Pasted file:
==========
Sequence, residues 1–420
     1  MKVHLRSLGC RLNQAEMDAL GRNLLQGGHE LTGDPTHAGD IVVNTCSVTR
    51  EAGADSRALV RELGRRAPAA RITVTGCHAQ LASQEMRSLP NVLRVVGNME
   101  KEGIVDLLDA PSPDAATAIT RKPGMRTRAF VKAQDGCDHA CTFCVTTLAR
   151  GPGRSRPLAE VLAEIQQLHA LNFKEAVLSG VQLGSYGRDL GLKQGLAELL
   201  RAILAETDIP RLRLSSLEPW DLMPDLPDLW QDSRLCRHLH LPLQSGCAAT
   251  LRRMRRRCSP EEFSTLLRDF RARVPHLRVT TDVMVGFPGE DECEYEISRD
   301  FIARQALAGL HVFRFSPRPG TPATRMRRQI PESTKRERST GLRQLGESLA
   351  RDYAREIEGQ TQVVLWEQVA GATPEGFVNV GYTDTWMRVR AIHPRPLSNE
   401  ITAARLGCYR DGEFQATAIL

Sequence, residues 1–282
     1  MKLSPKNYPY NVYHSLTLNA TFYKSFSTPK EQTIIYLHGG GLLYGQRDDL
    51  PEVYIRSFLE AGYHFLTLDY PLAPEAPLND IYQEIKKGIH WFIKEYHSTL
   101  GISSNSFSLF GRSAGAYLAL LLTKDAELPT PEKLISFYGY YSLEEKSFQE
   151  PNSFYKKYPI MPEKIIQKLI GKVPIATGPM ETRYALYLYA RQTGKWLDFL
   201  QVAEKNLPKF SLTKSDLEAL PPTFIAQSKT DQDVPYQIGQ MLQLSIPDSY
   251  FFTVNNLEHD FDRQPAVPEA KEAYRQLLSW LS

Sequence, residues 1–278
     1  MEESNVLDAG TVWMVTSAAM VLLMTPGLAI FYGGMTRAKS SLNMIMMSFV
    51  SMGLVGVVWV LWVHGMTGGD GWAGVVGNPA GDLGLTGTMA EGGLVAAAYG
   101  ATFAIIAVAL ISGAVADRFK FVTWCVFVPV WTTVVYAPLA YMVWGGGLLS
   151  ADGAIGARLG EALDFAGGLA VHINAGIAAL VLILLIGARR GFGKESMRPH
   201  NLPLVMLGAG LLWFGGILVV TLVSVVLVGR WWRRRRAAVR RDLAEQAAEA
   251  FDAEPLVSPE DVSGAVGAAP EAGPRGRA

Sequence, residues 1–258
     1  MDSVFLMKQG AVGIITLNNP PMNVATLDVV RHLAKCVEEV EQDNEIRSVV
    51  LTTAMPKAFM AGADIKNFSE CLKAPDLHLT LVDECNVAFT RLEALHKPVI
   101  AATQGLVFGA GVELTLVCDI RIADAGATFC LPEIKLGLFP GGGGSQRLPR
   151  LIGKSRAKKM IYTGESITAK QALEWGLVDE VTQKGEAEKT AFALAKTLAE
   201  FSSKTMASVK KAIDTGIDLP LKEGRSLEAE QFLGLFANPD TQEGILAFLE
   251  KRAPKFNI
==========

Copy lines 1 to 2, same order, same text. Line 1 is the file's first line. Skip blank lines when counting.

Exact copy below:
Sequence, residues 1–420
     1  MKVHLRSLGC RLNQAEMDAL GRNLLQGGHE LTGDPTHAGD IVVNTCSVTR